University of Trier, Department of Geology
Research and teaching at the University of Trier is organised in six faculties: Humanities, Social Sciences, Economics, Law, Spatial and Environmental Sciences and Computer Sciences.
Within the Faculty of Spatial and Environmental Sciences the departments of Geology, Physical Geography, Remote Sensing and Soil Science provide a strong scientific and interdisciplinary expertise with respect to geological mapping as well as geophysical investigation of the composition and structures of upper crustal rocks and soils as well as remote sensing analyses of the Earth`s surface.
The main research domains of the Department of Geology include:
- Environmental & climate reconstruction in the southernmost Andes
- Investigation of hillslope hydrogeology and stability
- Transport and fixation of pollutants in soils and rocks
- Remediation of landfills and polluted sites
- Optimisation sealing systems for landfill liners and cut-off walls
- Mechanical behaviour and hydrological properties of domestic landfill bodies
- Identification of clay minerals
- Development of eco-cements
Quaternary geology and especially paleoclimate/paleoenvironmenal reconstruction form an important research and teaching topic at the department of Geology. Interactions between climate, basement rocks and soil cover, associated element mobility as well as paleoenvironmental and paleoclimatic conditions are focused.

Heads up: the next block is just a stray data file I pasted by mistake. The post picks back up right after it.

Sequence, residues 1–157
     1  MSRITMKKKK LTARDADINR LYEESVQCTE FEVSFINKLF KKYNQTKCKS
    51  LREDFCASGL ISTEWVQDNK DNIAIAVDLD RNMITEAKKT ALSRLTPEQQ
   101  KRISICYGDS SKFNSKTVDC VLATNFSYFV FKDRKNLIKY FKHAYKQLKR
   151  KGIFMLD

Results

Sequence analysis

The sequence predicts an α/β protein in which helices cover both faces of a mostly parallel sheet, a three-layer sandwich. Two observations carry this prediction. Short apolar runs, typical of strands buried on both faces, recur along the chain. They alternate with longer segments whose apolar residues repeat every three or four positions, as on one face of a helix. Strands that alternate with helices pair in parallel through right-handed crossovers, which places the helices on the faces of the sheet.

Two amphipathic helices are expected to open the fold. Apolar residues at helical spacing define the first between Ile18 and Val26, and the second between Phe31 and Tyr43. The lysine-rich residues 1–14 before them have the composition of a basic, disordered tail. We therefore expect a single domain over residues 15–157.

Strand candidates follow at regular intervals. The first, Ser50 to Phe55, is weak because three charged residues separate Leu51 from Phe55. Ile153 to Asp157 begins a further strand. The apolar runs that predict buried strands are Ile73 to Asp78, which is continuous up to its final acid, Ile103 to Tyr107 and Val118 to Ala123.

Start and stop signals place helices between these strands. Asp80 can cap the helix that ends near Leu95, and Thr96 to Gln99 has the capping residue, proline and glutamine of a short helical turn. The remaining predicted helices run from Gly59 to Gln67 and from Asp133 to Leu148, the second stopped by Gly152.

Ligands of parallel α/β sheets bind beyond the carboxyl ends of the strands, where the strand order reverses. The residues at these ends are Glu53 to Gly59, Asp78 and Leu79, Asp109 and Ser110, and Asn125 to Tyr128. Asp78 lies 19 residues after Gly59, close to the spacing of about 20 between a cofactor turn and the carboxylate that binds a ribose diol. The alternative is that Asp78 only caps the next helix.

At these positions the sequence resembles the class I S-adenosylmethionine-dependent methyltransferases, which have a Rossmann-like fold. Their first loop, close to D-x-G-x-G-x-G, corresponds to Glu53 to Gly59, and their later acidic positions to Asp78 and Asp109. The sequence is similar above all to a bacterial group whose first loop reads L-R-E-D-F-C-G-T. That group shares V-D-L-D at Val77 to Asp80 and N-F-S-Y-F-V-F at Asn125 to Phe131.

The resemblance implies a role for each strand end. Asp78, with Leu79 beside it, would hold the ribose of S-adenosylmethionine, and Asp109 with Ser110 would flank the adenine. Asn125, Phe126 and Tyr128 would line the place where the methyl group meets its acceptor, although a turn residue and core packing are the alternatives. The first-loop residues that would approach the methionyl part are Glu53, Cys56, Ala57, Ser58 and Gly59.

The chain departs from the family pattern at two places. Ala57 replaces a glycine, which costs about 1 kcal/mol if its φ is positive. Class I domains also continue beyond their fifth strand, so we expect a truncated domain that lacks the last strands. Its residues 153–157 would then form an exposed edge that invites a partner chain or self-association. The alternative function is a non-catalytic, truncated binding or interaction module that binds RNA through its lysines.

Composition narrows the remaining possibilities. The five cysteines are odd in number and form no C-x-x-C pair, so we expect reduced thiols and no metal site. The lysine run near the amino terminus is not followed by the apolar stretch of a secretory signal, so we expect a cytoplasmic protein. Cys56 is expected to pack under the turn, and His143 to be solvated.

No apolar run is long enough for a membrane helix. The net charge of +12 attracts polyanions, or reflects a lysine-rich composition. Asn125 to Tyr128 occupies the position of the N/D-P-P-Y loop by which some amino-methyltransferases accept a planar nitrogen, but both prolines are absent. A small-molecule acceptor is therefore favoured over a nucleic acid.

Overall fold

Applied research focusing engineering geology is carried out for attainment of a better understanding of the processes close to the Earth’s surface and their recent dynamics. This includes the investigation of mass movement processes (mainly landslides) representing a threat to e.g., infrastructure and buildings.
The detailed characterisation of the specific properties of anthropogenic deposits in landfills and contaminated sites is of particular importance in the context of sustainable growth and environmental protection. Here, the application of industrial waste products for the development of eco-cements is an important research topic. Production processes of several regional industrial partners imply high amounts of waste products such as gravel wash mud, sewage sludge ash or dusts from dolomite and quartzite mining processes. Laboratories of the department have a sufficient infrastructure for the identification of potential materials for eco-cements from these waste products. These eco-cements from local industrial waste materials produce low CO2 emissions and may therefore provide an environmental friendly alternative to conventionally used Portland-cement in the future.